Active dry yeast is yeast cream that has been dehydrated. It is often mixed with “sorbitan monostearate” (an emulsifier), and ascorbic acid (Vitamin C.) The Vitamin C creates an acidic environment that yeast like and flourish in. It also helps to preserve the resultant baked goods a bit longer by deterring mould and bacterial growth.
The strains of yeast cream that are used for active dry yeast are those that best survive the drying and rehydrating process. Dry yeast will have only a fraction of the moisture that fresh yeast does (approximately 5% compared to 70%.)
When the yeast is rehydrated, there is always what is called a “lag phase” of 5 to 10 minutes during which the yeast slowly reactivates.
In North America, active dry yeast is usually sold in 3 separate but attached little sachets, about 8 grams each, with each package enough for one loaf of bread; or in small brown glass jars, or in tins with resealable plastic tops. In the UK, it is sold in tins with resealable plastic tops or in 7 gram sachets that come in strips of 6 or boxes of 8.
Active dry yeast compared to other dry yeasts
Many recipes written during the last half of the 1900s will call for active dry yeast, but it is being replaced in newer recipes and on store shelves by “Instant” or “Fast-Rising” yeast.
Some food writers advise not to use active dry yeast for bread machines and to use instant or bread machine yeast instead. This is true in the UK. British active dry yeast won’t work well in bread machines: it just isn’t as active as North American. There, you must indeed use the instant yeast or bread machine yeast instead. But, in Canada and US, the active dry yeast sold works very well in all bread machine recipes; Black & Decker’s recipe booklets even call for active dry yeast.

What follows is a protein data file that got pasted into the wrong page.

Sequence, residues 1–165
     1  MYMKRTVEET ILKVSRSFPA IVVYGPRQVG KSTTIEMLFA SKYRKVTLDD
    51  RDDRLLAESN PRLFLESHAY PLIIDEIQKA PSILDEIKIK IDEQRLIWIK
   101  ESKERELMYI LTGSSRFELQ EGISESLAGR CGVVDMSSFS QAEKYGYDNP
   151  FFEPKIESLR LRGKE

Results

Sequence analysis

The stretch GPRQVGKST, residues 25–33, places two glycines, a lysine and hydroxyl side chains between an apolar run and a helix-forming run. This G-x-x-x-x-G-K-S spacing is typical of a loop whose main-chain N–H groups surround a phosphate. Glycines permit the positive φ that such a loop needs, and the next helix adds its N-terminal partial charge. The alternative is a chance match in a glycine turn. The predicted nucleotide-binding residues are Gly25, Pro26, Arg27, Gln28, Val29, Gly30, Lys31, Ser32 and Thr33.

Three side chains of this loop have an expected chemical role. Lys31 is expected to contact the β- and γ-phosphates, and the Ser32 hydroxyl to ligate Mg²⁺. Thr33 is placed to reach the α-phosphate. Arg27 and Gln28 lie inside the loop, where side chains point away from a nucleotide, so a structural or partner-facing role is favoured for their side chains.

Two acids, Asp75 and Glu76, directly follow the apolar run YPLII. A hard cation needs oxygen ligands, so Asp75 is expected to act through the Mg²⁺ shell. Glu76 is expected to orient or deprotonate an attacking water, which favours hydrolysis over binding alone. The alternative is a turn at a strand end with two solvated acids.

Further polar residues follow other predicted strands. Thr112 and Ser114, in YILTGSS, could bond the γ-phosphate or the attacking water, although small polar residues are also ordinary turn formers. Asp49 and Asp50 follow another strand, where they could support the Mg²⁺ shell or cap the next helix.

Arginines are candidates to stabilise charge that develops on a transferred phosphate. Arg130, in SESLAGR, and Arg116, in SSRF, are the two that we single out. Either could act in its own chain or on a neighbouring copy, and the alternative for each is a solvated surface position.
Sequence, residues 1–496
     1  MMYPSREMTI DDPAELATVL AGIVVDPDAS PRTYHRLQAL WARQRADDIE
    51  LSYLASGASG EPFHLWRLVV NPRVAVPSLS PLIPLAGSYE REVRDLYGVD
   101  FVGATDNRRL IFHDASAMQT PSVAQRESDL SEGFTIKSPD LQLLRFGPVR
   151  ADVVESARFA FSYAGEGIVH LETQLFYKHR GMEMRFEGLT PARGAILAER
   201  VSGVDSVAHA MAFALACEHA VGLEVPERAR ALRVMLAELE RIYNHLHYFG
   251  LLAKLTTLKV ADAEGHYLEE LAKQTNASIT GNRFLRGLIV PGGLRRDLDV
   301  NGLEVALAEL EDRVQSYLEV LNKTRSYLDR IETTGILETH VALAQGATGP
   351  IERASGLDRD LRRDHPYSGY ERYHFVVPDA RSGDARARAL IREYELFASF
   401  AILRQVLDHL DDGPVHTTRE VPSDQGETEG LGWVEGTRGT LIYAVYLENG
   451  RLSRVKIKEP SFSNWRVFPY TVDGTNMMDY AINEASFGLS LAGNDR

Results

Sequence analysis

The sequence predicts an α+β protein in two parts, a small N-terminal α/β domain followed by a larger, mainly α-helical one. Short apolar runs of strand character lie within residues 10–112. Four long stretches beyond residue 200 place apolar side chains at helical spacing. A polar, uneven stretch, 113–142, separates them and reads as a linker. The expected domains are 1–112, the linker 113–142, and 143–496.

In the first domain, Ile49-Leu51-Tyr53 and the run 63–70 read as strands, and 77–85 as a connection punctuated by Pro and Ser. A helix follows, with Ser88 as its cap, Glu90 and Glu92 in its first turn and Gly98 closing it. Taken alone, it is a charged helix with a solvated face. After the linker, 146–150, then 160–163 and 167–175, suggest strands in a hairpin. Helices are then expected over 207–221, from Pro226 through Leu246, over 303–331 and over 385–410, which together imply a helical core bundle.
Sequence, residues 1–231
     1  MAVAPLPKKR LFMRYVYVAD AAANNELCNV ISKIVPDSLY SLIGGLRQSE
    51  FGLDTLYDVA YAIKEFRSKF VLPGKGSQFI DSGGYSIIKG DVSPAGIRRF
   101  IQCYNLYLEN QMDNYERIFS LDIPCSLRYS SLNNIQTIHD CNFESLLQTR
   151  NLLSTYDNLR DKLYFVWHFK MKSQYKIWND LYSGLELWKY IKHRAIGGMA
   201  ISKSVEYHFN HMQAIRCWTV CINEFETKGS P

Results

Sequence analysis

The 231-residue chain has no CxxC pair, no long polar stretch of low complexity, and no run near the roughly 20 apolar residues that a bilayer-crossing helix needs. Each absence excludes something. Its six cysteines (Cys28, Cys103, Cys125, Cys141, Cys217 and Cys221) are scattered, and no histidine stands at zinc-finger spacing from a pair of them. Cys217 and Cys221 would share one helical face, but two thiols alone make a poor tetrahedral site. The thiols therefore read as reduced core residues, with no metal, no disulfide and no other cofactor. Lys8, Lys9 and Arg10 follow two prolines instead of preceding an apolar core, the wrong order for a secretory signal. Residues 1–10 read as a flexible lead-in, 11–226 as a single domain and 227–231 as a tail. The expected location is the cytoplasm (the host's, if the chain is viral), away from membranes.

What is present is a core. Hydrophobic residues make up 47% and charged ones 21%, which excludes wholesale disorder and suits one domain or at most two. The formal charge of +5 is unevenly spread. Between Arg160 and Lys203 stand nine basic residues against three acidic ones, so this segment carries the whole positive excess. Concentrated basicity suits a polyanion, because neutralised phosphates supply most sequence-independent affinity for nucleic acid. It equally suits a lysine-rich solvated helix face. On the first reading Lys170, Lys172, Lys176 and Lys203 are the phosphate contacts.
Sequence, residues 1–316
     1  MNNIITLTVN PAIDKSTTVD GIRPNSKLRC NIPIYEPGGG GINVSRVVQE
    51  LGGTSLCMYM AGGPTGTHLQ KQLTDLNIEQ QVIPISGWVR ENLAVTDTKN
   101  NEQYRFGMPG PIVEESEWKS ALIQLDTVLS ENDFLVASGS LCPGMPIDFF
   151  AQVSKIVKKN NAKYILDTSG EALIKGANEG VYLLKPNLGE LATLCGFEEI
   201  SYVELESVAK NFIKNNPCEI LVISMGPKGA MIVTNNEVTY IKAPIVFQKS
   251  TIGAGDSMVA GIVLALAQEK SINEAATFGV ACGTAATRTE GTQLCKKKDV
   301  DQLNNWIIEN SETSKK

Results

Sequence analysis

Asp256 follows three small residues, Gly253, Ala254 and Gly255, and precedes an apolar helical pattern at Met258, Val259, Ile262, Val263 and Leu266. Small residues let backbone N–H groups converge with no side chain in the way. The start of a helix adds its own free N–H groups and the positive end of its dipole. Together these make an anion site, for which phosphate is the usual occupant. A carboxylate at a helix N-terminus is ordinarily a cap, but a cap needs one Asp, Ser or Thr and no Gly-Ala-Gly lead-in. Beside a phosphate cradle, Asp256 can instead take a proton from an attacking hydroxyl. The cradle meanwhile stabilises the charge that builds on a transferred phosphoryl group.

Your recipe will likely give you directions on how to rehydrate the yeast, but here’s a rule of thumb: 1 teaspoon of sugar in ¼ cup (4 tablespoons / 60 ml) of lukewarm water (water which feels just barely warm on the inside of your wrist, which should be in the range of 37 to 43 C / 100 to 110 F), then add the yeast and let it sit for 10 minutes in a warm, draft-free place without stirring. The yeast should almost double up to the ½ cup mark; if it stays at about the ¼ cup mark after 10 minutes, the yeast is no longer any good. Otherwise, give it a stir, and use in your recipe.
In bread machine recipes, there is of course no need to hydrate the yeast first. Many bread machine recipes call for the yeast to be placed in last on top of all the other ingredients.
Instant or bread machine yeast; also fresh yeast if not using a bread machine.
One package = 2 ¼ teaspoons to 1 tablespoon (depending on size of granules) = ¼ ounce = 7 or 8 grams = 1 cake compressed fresh yeast
You can store active dry yeast in the cupboard until the expiration date or until 4 months after opening. The expiration date is for room temperature storage: if you keep the yeast in the fridge, it will last for up to a year after being opened. In the freezer in a tightly-sealed container or jar, its storage life is often several years.
Dry yeast was invented during the Second World War.